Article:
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If a Tree Falls in a Forest…: How to Understand Your Audience and Make Sure Stories Never Go Unheard


  1. Real-life example of how user personas led to success in creating a criminal justice activism tool.
  2. How to infuse a user-centered methodology & mindset to both online & offline communications.
  3. Three ways (light, medium, & comprehensive) to understand your audience and what motivates them.



Scott Hechinger, Esq., Senior Staff Attorney, Brooklyn Defender Services, began by sharing the story of a defendant, Mr. Jones, that he encountered for a minor drug charge. He had his life on track and had been clean for months and was on his way to a rehabilitation clinic. For the first time after many arrests, he was interested in not pleading guilty. At end of a good conversation learning about his circumstances, Scott mentioned a plea offer, for which Mr. Jones would get credit for time served and get to go home, rather than waiting for a trial.  Mr. Jones said, “Why didn’t you start with that?, I just want to go home.”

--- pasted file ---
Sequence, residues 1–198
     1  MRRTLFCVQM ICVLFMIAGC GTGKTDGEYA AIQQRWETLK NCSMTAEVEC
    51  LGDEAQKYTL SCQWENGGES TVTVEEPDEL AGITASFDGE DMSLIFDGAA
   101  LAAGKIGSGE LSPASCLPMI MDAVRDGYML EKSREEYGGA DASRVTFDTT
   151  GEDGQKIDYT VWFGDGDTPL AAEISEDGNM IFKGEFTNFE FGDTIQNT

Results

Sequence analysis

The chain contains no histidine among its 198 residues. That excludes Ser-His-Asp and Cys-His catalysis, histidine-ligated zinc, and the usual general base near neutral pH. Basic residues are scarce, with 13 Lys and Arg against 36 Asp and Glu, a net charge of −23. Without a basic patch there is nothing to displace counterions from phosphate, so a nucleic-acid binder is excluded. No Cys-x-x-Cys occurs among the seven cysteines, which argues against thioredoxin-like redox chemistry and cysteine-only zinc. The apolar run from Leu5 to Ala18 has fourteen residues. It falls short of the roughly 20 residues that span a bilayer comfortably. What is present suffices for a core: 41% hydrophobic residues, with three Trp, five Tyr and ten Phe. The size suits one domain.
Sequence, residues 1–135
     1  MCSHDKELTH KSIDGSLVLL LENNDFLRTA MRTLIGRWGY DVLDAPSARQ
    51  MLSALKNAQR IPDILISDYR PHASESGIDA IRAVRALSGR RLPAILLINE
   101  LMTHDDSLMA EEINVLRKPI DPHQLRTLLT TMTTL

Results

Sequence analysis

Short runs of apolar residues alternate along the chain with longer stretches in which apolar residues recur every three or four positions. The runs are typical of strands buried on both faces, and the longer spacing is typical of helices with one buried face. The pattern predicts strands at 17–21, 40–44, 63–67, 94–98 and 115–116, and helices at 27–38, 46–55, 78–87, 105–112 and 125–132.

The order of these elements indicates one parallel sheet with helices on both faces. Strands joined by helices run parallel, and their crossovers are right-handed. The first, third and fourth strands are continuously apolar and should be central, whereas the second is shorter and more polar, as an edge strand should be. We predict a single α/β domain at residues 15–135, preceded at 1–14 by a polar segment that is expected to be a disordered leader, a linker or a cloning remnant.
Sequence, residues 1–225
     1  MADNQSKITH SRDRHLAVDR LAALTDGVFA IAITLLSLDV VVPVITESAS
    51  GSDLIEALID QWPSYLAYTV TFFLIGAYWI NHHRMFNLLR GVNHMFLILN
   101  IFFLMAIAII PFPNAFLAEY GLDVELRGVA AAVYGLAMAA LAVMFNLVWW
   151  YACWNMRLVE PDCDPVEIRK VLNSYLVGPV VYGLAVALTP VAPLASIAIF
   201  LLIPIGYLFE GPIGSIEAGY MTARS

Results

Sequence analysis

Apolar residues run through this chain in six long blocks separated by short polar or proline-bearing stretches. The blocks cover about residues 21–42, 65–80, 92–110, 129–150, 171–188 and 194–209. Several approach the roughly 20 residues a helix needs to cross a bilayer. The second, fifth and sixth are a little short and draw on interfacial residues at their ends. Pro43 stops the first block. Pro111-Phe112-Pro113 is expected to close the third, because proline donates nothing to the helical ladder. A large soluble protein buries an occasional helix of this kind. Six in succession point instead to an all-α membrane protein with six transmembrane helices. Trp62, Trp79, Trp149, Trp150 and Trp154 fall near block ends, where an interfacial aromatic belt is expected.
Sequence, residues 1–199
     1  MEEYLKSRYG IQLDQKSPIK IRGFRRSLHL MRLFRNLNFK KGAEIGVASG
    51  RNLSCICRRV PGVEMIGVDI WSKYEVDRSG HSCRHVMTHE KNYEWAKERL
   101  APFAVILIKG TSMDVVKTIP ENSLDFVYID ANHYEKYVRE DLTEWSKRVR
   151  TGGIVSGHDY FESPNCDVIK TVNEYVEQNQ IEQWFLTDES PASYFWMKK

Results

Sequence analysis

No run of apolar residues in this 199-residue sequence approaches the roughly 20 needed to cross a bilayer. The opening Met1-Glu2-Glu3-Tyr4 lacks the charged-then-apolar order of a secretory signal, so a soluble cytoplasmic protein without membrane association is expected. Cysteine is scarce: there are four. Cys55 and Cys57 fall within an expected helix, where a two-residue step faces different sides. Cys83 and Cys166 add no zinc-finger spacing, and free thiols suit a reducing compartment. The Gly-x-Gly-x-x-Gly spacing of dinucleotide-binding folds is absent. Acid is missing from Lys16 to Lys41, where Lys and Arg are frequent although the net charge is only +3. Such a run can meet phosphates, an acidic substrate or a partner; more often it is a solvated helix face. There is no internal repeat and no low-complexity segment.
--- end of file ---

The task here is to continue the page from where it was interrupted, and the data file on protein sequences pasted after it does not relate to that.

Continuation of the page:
So their rich interaction came to nothing. Scott’s role became helping a man with a guilty plea, where he was more likely to be re-arrested and further marginalized. The officers who violated his rights were sent the message, ‘keep on doing what you’re doing. The system will insulate you.’

You won’t see stories like these on TV, but they are stories of everyday injustices that drive mass incarceration. They are the kind of stories that need to be told. His clients– disproportionately non-white people living in only certain neighborhoods–are targeted. The process is the punishment. The punishment is way broader than time in jail. People are arrested and humiliated and their lives can be ruined. It is often a vicious cycle.

Scott realized that public defenders are uniquely positioned to fight the fight. They can be storytellers. “What if we could get you to see what we see and understand what we know? What if we could mobilize PDs to witness what they see in court? What if we could combine forces and break the system of mass incarceration down and tear it apart from the ground up?”

He approached Sruthi Sadhujan, Director of Strategy & Accounts, Hyperakt, a social impact design agency to help him frame and build a public defender-driven platform.

Who is Your Audience?

  • Strategies for understanding your audience: Map along a continuum

Define your audiences along continuums of low vs high interest (horizontal), and low vs high influence (vertical). Plot specific audiences in each quadrant to define your top audiences. Focus on audiences (top 4 or so) in the top right quadrant